Briefly last week supporters of California’s high-speed train project had something to cheer about. The state legislature, in approving a budget for 2014-15, voted to divert $250 million of expected cap-and-trade funds to the project, and subsequently allocating 25 percent of such funds during each year of construction.
Governor Jerry Brown initially called this his “legacy” project. He doesn’t use that term any more, but he nevertheless worked assiduously with legislative leaders to come up with the funds that go into effect July 1. Why the urgency?
Typically, an infrastructure project involving federal matching funds must begin with the state putting its own money down first. Under the rules here, California must spend those federal funds by September 2017. Project planners feared that wouldn’t happen if they didn’t get a move on now.
Does this mean that the first 100 miles of track between two Central Valley towns (“the train to nowere”) will actually be built? Not necessarily. Last fall, a state judge ruled that bonds could not be sold nor funds spent because the ballot issue voters approved four years ago, Proposition 1A, required that all sources of funding for the entire project be identified before anything could be committed. The state’s lawyers appealed, arguing that this was not the intent of the ballot proposition, and the Third District Court of Appeals signaled it might look well on that argument. Just about then, however, a group of Valley ranchers and public officials filed a new set of lawsuits contending that the impact of the railroad on the environment had not been fully assessed.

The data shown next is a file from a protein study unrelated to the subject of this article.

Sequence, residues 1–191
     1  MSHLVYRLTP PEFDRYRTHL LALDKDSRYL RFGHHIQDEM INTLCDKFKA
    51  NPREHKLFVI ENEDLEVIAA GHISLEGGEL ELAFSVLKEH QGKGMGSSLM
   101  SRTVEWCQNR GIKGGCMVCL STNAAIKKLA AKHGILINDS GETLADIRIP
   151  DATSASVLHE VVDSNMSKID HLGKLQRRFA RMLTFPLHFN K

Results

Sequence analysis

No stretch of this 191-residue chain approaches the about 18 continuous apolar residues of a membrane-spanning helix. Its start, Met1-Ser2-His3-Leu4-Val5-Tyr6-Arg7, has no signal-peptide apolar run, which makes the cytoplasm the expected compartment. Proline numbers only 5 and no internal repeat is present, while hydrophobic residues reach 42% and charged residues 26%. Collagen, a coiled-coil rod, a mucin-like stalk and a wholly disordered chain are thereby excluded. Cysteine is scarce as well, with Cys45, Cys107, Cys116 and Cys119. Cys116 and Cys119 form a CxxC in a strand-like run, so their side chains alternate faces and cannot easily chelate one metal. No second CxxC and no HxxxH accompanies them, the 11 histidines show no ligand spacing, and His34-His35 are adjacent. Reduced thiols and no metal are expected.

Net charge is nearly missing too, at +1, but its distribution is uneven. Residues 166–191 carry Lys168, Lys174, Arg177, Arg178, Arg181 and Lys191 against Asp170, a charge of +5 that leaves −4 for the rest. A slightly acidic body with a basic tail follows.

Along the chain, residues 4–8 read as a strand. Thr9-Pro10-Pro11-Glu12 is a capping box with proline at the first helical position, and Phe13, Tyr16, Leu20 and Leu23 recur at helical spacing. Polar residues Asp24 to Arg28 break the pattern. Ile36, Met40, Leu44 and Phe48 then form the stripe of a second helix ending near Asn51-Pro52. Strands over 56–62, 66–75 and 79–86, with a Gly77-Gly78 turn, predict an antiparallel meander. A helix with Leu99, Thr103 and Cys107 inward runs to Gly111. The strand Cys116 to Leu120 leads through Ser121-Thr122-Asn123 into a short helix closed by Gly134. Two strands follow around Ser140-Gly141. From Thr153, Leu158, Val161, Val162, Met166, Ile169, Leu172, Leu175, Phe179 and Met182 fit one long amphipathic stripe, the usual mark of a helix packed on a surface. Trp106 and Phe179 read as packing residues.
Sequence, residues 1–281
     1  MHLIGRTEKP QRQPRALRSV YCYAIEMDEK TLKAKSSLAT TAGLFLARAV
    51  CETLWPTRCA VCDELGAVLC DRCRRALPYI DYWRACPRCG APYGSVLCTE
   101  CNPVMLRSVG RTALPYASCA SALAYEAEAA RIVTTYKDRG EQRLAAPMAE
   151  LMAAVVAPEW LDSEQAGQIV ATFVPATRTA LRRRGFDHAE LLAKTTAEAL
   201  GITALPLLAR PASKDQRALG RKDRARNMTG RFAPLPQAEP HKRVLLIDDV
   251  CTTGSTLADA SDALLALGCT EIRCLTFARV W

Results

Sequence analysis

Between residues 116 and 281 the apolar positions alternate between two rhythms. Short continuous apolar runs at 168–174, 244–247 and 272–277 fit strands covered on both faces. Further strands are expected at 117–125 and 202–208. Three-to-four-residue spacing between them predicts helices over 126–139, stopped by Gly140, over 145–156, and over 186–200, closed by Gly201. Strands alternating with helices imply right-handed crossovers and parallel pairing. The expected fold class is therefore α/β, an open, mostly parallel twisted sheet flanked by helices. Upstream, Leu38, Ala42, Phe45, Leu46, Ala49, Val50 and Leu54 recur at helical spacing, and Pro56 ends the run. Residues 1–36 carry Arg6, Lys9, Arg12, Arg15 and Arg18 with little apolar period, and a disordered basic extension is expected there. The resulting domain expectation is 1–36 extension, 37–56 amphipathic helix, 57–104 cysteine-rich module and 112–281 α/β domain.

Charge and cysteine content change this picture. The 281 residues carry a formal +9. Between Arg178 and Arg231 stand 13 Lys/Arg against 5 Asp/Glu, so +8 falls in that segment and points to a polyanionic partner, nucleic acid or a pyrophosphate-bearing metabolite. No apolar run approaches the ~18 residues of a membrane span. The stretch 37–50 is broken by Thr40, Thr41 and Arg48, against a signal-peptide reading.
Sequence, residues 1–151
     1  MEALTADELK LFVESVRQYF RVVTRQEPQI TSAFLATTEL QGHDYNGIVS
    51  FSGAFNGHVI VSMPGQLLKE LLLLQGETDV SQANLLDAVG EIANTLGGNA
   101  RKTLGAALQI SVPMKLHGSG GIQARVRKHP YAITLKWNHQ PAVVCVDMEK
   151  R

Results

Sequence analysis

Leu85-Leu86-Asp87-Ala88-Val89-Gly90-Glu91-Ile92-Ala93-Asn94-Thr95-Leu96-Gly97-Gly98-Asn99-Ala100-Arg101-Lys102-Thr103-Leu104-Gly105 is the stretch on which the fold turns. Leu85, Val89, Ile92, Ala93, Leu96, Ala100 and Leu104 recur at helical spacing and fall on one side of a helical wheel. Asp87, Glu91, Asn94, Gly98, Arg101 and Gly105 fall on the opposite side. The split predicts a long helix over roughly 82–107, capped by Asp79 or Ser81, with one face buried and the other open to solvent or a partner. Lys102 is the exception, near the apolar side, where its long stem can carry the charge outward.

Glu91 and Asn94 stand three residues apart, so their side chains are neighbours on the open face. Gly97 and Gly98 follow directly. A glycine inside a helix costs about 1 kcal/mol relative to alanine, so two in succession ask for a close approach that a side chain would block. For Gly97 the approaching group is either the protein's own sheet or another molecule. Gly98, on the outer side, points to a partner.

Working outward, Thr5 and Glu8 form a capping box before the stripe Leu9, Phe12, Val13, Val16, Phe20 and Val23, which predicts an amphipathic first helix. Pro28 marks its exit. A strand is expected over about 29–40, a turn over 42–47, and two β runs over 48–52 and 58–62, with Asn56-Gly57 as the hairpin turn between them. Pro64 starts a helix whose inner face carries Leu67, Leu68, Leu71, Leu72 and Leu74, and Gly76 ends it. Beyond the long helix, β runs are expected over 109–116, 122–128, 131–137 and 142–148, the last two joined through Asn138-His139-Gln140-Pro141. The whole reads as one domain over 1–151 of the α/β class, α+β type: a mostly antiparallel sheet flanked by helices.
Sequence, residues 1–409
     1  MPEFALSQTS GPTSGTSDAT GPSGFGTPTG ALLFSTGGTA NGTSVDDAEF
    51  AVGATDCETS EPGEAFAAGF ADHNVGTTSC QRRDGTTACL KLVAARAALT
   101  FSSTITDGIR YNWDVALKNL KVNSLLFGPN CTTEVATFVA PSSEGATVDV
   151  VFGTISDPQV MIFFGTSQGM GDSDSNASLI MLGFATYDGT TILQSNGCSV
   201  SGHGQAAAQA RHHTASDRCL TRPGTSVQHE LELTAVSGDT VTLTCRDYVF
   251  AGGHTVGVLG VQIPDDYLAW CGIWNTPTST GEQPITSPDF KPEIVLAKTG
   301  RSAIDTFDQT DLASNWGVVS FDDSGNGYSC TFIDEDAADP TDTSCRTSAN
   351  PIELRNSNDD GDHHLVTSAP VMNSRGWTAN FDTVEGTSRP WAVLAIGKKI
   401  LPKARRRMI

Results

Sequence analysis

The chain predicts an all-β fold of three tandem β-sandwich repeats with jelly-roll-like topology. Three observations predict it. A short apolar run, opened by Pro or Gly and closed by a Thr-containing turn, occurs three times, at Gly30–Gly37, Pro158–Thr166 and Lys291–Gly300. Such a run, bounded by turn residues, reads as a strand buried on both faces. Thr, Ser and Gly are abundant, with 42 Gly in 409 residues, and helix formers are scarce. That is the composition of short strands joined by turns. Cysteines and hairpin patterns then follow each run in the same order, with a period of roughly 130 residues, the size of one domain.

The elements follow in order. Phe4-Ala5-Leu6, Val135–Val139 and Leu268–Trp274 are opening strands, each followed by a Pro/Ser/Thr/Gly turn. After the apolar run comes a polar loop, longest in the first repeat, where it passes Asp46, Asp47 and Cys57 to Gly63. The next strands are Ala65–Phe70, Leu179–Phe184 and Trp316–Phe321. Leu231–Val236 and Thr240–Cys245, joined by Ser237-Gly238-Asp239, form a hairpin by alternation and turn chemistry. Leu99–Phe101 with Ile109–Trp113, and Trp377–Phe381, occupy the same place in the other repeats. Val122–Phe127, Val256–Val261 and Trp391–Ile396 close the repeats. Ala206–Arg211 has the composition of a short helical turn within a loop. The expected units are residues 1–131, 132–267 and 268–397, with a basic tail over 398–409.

To make matters worse, a majority of Californians now tell pollsters that they have had second thoughts and that the railroad should not be built.
Who is still for it? In addition to the governor and the legislature, it has support from engineering and construction firms that could benefit from contracts, some construction unions, romantic rail buffs, and some environmentalists. The Sierra Club, however, has said it is concerned that diverting cap-and-trade revenue to an infrastructure won’t result in reduced emissions of that old debbil carbon any time soon.
The high-speed rail authority had been banking on Amtrak to buy rolling stock jointly, thus saving money for both. By week’s end, though, Amtrak had pulled out. It decided that the needs of its trains, which can at best run 160 miles per hour (on the Washington-New York route), are very different from those of the California line, which some claim will regularly hit 200 mph.
Congress will heard from again, too. Earlier this month, the House of Representatives voted to strip funding for the California rail project from its transportation bill. Kevin McCarthy, the House’s new majority leader, is from Bakersfield in the Valley and is firmly opposed to the project. In this election year, four California House Democrats joined Republicans in voting down the high-speed rail funds. Last year, the Senate restored the funds the House would have deleted. It remains to be seen what this year’s outcome will be.
Meanwhile, we count three chugs creeping forward for the railroad and five or six going backward. If that ratio holds, the public may get its wish.